A new study finds that adolescent brain development may play a critical role in whether a teenager is more likely to be involved in a car crash, the leading cause of injury and death among 16- to 19-year-olds in the United States.
The study discovered that slower growth in the development of working memory is associated with motor vehicle crashes, which points to cognitive development screening as a potential new strategy for identifying and tailoring driving interventions for teens at high risk for crashes, according to researchers at the Annenberg Public Policy Center of the University of Pennsylvania (APPC) and Children’s Hospital of Philadelphia (CHOP).
The researchers examined data from 118 kids in Philadelphia who were part of a larger group that participated in a six-wave survey from when they were 10- to 12-year-olds, in 2005, until they were 18- to 20-year-olds, in 2013-14. The survey measured working memory development, as well as associated risk-related traits and behaviors. This group later participated in a follow-up survey on driving experience.
“We found that teens who had slower development in working memory were more likely to report being in a crash,” said the lead author, Elizabeth A. Walshe, Ph.D., who is a postdoctoral fellow at the Annenberg Public Policy Center and at the Center for Injury Research and Prevention at CHOP.
Working memory, which develops through adolescence into the 20s, is a frontal lobe process associated with complex, moment-to-moment tasks essential to driving, she explained.
“Safe driving involves scanning, monitoring, and updating information about the vehicle and environment while managing multiple subtasks (e.g., adjusting speed, steering, in-vehicle controls) and distractors (e.g., peer passengers and cell phones),” the researchers said in the study, which was published in JAMA Network Open.
All of these tasks challenge working memory, especially when a young driver has not yet fully learned to automate many basic driving routines, the researchers noted.
Adolescent drivers have the highest rate of crashes, injuries, and mortality. While poor skills and inexperience explain some of the risk shortly after a new driver receives a license, crash risk is inversely related to age during the early years of driving, according to the researchers. In other words, among equally new drivers, those who are 17 years old have a higher crash rate than those who are 20 years old, which suggests a possible developmental link, they said.
“Not all young drivers crash,” Walshe said. “So we thought, what is it about those who are crashing? It could be related to variability in working memory development.”
Prior research has shown a link between lower working memory capacity and reckless and inattentive driving, crashes, and poor performance on simulated driving tasks.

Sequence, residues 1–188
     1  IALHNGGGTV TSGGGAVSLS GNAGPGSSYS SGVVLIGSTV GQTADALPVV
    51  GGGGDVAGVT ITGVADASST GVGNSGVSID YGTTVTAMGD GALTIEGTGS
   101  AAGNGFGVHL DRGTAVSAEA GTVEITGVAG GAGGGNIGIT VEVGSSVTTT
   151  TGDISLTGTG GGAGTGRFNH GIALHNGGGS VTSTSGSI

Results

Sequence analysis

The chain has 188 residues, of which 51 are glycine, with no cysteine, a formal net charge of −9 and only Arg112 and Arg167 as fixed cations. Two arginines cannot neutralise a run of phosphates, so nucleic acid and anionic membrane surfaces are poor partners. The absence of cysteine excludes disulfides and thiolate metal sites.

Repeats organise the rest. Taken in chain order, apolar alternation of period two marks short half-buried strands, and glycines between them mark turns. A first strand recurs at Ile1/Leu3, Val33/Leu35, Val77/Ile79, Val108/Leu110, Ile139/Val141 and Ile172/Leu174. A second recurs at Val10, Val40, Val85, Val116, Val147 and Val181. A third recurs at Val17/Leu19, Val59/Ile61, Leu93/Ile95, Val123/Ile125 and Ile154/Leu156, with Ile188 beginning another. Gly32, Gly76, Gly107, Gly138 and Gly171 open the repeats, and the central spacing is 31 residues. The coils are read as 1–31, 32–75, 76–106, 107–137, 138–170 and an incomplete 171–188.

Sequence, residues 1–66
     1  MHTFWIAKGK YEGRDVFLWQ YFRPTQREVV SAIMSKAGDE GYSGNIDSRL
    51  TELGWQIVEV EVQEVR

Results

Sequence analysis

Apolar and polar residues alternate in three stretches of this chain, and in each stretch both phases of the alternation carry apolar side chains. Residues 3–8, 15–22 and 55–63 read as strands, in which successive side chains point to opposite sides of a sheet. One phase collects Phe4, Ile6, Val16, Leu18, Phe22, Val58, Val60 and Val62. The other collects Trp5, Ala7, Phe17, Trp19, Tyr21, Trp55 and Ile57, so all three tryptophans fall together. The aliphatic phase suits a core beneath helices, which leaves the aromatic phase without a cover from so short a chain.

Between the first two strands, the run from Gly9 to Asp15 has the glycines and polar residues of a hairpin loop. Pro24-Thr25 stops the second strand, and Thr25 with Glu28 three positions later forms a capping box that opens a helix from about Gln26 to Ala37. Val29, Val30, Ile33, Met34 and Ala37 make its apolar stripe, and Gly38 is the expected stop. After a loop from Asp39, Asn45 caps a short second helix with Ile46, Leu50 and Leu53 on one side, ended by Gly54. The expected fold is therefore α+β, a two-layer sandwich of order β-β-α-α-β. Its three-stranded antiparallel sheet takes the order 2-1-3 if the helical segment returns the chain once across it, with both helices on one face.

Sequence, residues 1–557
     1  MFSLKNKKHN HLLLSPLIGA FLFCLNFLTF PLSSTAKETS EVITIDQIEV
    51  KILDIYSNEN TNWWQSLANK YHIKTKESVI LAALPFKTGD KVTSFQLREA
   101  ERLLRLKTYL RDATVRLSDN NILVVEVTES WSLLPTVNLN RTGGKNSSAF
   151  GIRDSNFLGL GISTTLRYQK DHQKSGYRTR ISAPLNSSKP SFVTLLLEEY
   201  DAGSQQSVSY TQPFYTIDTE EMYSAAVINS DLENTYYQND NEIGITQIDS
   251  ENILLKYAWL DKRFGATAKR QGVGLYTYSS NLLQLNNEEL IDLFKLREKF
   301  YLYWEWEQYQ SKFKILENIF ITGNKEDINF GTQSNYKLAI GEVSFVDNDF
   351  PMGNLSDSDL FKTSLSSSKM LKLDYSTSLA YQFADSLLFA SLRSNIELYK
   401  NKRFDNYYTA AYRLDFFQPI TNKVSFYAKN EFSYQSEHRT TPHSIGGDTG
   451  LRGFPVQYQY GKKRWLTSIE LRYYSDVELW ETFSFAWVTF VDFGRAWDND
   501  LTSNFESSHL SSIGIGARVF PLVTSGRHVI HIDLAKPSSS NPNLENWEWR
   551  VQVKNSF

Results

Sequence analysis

For the new study, the researchers recruited participants from the Philadelphia Trajectory Study, a broad six-wave study conducted by researchers at APPC and CHOP. The study measured the change in working memory and other characteristics across seven years. Subsequently, in 2015, 118 young adults, including 84 drivers and 34 non-drivers, took the follow-up survey on driving. Among the drivers, 25 reported having a crash history and 59 reported no crash history.
The researchers discovered that young drivers whose trajectory of working memory growth was less-than-average in the group were more likely to report being in a crash. Drivers with greater-than-average growth in working memory were more likely to say they had not been in a crash.
The analysis controlled for other risk-related factors, including reckless driving and drug use, the researchers noted.
According to the researchers, the results have important policy implications. While all 50 states have some type of graduated driver licensing (GDL) program that gradually lifts restrictions for young new drivers, the research suggests that individual assessments of adolescents’ cognitive development may play an important part, too.
“If our findings hold up in larger samples with diverse youth, we will need to start assessing cognitive abilities, such as working memory, to see if some adolescents are less ready for independent driving,” said Daniel Romer, Ph.D., research director of the Annenberg Public Policy Center and a senior fellow at the Center for Injury Research and Prevention at CHOP. “There is considerable variation in working memory development during the teen years, and some teens may not be as ready to drive on their own without additional assistance.
“This research points to the fact that crashes are predictable and preventable,” added Flaura K. Winston, M.D., Ph.D., founder and scientific director of the Century for Injury Research and Prevention at CHOP. “It focuses attention more on the role of the driver and the driver’s clinician. A clinician could identify teens who will be at an increased risk and use ‘precision prevention’ to tailor anticipatory guidance so that young drivers achieve independent mobility in a safe way.”
Precision prevention could provide different types of driver training or a release from driving restrictions at different times based on their development, she noted.
According to the researchers, some form of standardized screening or testing during adolescence could determine which teens have slower development of working memory.
“Ideally, we’d be able to offer interventions like driver training or technologies like in-vehicle alert systems to assist new drivers who need it,” Walshe said.